Use travel time wisely

Traveling can be the perfect time to catch up on work and reading. For some, it can be the most productive time they have available. If you want to catch up on your reading during the trip, instead of taking along a pile of magazines and newspapers, consider tearing out and taking only the articles or sections you would like to read.

If you have Internet articles and/or e-mail newsletters you want to read, create an electronic “reading” file in your hard drive and e-mail software solely to store those electronic documents for reading on the plane.

Schedule time when you get back

Schedule time to get organized the day after you get back from your trip. Plan at least four to eight hours if you have been gone for more than four to five days. This should be uninterrupted time during which you address e-mails, read mail, catch up on your to-do list and return phone calls.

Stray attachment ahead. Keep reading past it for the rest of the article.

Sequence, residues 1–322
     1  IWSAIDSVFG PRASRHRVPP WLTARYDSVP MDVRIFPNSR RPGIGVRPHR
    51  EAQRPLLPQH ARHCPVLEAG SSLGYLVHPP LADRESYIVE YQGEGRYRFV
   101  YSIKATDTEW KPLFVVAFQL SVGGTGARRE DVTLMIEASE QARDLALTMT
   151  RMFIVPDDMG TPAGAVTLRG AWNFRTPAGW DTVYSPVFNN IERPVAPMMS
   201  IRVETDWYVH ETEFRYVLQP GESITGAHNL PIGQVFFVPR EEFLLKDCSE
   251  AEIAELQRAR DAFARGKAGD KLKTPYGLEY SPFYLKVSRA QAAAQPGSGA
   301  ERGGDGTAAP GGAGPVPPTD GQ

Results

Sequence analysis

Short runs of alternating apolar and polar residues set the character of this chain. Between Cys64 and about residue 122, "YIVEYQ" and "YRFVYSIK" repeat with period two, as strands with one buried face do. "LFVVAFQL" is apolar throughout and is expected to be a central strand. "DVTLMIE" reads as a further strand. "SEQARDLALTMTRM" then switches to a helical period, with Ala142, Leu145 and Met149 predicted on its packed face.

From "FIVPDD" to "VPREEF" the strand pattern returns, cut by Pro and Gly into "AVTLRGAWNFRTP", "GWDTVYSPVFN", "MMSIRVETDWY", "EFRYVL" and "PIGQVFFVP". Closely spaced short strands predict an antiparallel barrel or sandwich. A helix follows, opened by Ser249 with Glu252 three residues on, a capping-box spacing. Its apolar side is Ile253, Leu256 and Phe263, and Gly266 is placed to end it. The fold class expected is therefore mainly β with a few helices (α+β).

Avoid scheduling appointments and meetings your first day back in the office. Tell others that you will be back one day later than you actually will. This gives you time to catch up before you are deluged with communications from others. It usually takes a day to catch up on information in your office and deal with the information you brought back from traveling. You’ll get back to your normal daily routine more quickly if you address the backlogged items as quickly as possible.

K.J. McCorry is founder and president of Officiency Inc., a professional organizing company based in Boulder since 1996. She is a productivity and efficiency consultant who specializes in customizing systems for individuals and companies with office and computer organization. Her first book, “Organize Your Work Day In No Time,” was released in April 2005. She can be reached at www.officiency.com.